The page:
Beppu Jigoku Meguri, literally means "The Hell Tour of Beppu." Eight hot springs ooze from the earth making it one of the most famous hot spring resorts in Japan.
Entrance to the 90-year old Hotel Kamenoi Bessou, which was originally the private estate of a wealthy landowner. Today, the 15 Japanese-style private cottages, all with private spring baths, reflect the rapidly disappearing charm of rural Bessou, a popular retreat for locals.
The driveway at Hotel Kamenoi Bessou covered with fallen leaves, adding an autumnal charm to the rustic and picturesque resort.
Yufuin-onsen, known as "Bungo Fuji" is a hot spring hotel on the shore of Lake Kinrin-ko in Yuifin. It has a great atmosphere and hot and cold water natural springs. There are a number of galleries, cafes and restaurants and, of coiurse, a wide choice of bathing options.
The alpine town of Yufuin in Kyushu is a popular retreat for the Japanese who come mostly for its numerous springs. It's relatively void of Westerners, but rich in Japanese food and lodgings.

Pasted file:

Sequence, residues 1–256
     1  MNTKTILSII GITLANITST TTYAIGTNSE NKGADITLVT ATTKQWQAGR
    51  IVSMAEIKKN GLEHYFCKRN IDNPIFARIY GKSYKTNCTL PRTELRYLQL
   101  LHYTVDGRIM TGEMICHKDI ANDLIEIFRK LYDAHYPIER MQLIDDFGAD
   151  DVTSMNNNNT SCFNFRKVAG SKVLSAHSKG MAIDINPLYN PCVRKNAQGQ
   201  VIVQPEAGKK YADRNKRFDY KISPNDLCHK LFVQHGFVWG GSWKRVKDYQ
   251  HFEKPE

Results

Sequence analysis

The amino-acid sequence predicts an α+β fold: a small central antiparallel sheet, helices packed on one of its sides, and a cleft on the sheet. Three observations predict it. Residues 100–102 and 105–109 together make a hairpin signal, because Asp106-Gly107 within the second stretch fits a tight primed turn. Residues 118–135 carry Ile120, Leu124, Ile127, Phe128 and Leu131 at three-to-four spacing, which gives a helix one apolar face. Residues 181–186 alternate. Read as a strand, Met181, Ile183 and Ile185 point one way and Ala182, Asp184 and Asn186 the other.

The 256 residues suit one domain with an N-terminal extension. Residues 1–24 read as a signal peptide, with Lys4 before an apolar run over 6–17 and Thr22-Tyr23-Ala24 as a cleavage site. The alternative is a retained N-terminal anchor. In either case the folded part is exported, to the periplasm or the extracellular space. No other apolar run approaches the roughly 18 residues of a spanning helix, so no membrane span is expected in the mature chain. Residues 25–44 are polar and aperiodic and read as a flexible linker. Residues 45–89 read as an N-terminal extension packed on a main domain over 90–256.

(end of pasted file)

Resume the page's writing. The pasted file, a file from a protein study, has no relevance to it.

A colorful fall scene in Yuifin, a resort town full of mineral springs and reachable by a two-hour train ride from Fukuoka, one of the largest cities in Kyushu.
Built in 1853, the Oura Catholic Church, or Church of the 26 Martyrs, in Nagaski is the only Western-style building declared a national monument and the oldest church in Japan.
Nagasaki is a city of canals and rivers. This 17th century Sukuro Bridge over the Nakashima River is a city landmark. People often use the stones in the foreground to cross the river.
Visitors at the Nagasaki Peace Park are silhouetted against large fountains that symbolize world peace.
Nagasaki's Peace Park is a memorial to the victims of the atomic blast that leveled the city and was set up to remind the world about nuclear peril.
Nagasaki's Haman-Machi Mall is a sprawling complex containing hundreds of shops and stores all with magnificent city views.
Vintage street trams are as iconic to Nagasaki as cable cars are to San Francisco. A few years ago there was a collective furor when city fathers proposed removing them.